forces through the equations of motion. It is therefore possible to investigate the
effect of the added mass and damping of the sails as the vessel pitches and rolls. This
coupled approach in the time domain allows the assessment of the forces on the rig
in irregular seas, even with the future inclusion of nonlinear effects in the code.
90
body plan
waterlines plan
sheer plan
9.1.
Gridding Issues
9.1
9.1.1
Gridding Issues
Asymmetry
The most striking visual difference of the underwater portion of a sailboat hull from
a conventional ship is the presence of a finkeel, which generates lift to balance the
aerodynamic sideforce from the sails. With the exception of any trim tabs, this
keel is portandstarboard symmetric and, therefore, the yacht needs to sail under
a mean leeway angle in order to produce the required amount of lift. In addition,
sailing yachts usually travel under heel in order to provide static righting moment
to balance the dynamic heeling moment of the rig and keel. This presence of heel
and yaw eliminates the usual advantage of using symmetry to panel only half of the
domain, since the hull becomes asymmetric with respect to the mean flow direction.
The need to panel the whole domain, coupled with the presence of additional panels due to the appendages and possibly even the sails, places unusually high demands
on computing power.
The solution was provided by the use of a polar grid on the free surface, which
uses considerably less panels than a standard rectangular grid for the same resolution
near the body. Such a paneling scheme is also a natural fit for the rounded transoms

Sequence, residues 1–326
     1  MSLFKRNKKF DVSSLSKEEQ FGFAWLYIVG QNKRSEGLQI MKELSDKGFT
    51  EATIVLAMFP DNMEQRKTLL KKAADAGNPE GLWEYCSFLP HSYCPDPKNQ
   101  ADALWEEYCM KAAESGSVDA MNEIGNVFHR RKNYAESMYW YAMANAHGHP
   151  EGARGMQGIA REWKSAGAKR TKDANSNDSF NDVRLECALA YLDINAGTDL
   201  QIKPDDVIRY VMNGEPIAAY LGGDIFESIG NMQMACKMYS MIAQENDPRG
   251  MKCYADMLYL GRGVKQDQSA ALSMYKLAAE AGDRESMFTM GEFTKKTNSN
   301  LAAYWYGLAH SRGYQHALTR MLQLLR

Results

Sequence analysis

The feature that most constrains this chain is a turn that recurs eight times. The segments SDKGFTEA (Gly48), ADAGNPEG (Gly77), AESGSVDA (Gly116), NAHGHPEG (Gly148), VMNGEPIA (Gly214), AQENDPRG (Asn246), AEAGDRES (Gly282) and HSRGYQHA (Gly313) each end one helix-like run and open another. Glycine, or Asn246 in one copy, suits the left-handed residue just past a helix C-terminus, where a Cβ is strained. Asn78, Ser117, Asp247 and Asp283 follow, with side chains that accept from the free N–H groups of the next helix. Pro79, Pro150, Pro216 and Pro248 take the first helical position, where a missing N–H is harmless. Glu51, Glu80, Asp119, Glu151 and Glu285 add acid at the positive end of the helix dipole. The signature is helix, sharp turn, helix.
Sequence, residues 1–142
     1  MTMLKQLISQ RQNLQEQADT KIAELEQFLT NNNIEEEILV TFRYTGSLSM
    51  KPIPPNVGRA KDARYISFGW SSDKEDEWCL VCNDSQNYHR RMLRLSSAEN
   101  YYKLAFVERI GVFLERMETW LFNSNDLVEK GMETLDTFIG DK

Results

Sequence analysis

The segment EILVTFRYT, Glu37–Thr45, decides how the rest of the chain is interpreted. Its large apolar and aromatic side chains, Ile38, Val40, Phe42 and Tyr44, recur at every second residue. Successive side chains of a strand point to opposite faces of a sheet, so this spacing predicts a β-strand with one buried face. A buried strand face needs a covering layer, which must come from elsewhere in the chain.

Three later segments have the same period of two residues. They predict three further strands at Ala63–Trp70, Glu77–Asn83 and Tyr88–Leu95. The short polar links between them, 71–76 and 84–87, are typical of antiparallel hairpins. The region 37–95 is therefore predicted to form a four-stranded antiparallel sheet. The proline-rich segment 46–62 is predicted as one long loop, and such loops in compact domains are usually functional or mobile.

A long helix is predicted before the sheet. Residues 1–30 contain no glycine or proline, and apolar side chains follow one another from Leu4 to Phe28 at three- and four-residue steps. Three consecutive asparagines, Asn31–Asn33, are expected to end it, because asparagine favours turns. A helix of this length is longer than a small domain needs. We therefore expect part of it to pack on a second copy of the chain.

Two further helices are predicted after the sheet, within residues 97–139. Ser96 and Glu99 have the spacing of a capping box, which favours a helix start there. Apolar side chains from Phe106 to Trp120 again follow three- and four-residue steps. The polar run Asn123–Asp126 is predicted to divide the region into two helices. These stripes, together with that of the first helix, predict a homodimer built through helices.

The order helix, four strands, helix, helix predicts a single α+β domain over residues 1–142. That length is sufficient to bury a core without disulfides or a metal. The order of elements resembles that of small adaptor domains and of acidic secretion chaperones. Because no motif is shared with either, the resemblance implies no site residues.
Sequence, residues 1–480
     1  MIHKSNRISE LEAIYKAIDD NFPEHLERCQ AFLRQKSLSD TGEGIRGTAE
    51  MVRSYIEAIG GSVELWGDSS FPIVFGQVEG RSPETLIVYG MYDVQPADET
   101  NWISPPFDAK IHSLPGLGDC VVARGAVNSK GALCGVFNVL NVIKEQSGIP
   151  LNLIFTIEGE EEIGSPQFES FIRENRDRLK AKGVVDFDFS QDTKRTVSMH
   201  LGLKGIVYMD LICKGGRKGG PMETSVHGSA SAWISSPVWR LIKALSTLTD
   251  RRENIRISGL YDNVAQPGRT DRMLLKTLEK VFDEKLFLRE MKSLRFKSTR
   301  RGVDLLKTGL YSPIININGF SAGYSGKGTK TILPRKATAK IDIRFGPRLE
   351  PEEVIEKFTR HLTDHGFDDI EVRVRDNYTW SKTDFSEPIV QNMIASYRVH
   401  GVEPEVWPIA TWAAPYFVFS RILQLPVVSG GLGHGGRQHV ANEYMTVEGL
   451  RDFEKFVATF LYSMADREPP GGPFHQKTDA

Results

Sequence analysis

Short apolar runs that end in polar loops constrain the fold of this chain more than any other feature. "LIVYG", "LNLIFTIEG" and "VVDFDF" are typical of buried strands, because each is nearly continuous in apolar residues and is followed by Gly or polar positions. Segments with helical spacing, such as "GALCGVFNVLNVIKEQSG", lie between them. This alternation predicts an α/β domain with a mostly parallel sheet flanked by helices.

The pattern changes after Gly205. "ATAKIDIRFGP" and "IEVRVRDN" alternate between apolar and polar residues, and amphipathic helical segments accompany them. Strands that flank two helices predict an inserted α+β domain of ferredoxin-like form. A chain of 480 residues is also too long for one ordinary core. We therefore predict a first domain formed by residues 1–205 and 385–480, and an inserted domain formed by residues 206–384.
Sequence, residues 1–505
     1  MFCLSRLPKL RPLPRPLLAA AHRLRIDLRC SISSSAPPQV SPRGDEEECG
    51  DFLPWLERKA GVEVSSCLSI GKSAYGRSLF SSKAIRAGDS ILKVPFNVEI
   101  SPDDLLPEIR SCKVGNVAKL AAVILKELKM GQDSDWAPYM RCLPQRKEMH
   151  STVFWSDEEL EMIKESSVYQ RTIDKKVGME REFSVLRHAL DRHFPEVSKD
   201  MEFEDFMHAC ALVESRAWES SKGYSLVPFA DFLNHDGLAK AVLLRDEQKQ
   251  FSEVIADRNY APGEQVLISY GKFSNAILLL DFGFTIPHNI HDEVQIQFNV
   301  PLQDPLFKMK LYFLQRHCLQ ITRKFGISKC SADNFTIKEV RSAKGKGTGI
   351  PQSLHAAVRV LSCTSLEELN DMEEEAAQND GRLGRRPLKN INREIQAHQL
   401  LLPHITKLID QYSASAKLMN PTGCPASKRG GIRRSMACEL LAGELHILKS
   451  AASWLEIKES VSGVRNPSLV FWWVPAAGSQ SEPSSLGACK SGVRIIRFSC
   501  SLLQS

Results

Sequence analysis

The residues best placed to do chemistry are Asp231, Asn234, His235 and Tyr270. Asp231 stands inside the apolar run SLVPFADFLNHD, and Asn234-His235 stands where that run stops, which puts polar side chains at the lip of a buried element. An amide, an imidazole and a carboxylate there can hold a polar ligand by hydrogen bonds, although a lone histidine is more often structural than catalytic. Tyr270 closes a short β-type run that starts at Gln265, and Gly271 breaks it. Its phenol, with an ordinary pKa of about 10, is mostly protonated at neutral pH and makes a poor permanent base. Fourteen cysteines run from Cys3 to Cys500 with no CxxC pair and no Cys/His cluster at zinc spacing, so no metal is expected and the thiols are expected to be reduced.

at the waterline that many sailing yachts possess. As an illustration, the polar and
the equivalent rectangular grids presented in figure 92 may be compared.
9.1.2
Appendages
Section 5.4 has presented some results involving lift of simple bodies. When a more
complex geometry such as the combination of a hull and a keel is considered, there
are some additional issues that need to be resolved.
One problem is that when the keel is modeled as a lifting surface but the rest of
the hull is not, then a tip vortex forms at the intersection of the two bodies, inducing
large velocities on the hull. This leads to numerical difficulties. In reality, of course,
the sectional lift coefficient does not fall to zero at that intersection, since the hull
92
polar grid
45x11 panels on body
2185 panels on free surface
rectangular grid
45x11 panels on body
5679 panels on free surface
93
93
Figure 93: The discretization of the hull and keel of an IACC yacht.
also produces a small amount of lift. The numerical solution is to extend the keel up
inside the body to the z = 0 plane. The wake is then extended to pass through the
hull and ceases to cause numerical problems. Normal boundary and Kutta conditions
are applied to the internal portion of the lifting surface, but such panels are ignored
during pressure integration for force calculations. An analogous situation occurs at
the intersection of the finkeel with the bulb.
The need to extend the wake through the hull eliminates some freedom of the hull
discretization. It is now necessary to have a cut in the hull spline sheet so that the
wake panels do not pass through any hull panels. The simplest way to accomplish this
is to discretize the hull in two sheets along the line of portandstarboard symmetry.
Then, however, the wake needs to be aligned with the plane of symmetry of the vessel
and not with direction of the free stream flow. Fortunately, as shown in section 5.4,
the numerical method is not sensitive to small variations in the direction of the wake.
94
U,
0.0040
0.0035
experiments
30x8
40x10
S45x11
experiments
30x8
40x10
45x11
approximate nonlinear

0.0030
0.0025
0.0020
0.0015
0.0010
0.0005
0.0000I
a
6
10
11
U (knots)
10
11
U (knots)
Figure 94: The resistance coefficient of an IACC yacht. Convergence of the numerical
results using pressure integration together with the waterline integral (a) and using
simple pressure integration (b). The results by the approximate nonlinear method
are also shown in (b). The coefficient is based on the surface of the hull below the
z = 0 plane.
Figure 93 shows the resulting discretization of the hull and keel configuration which
was tested.
9.2
9.2.1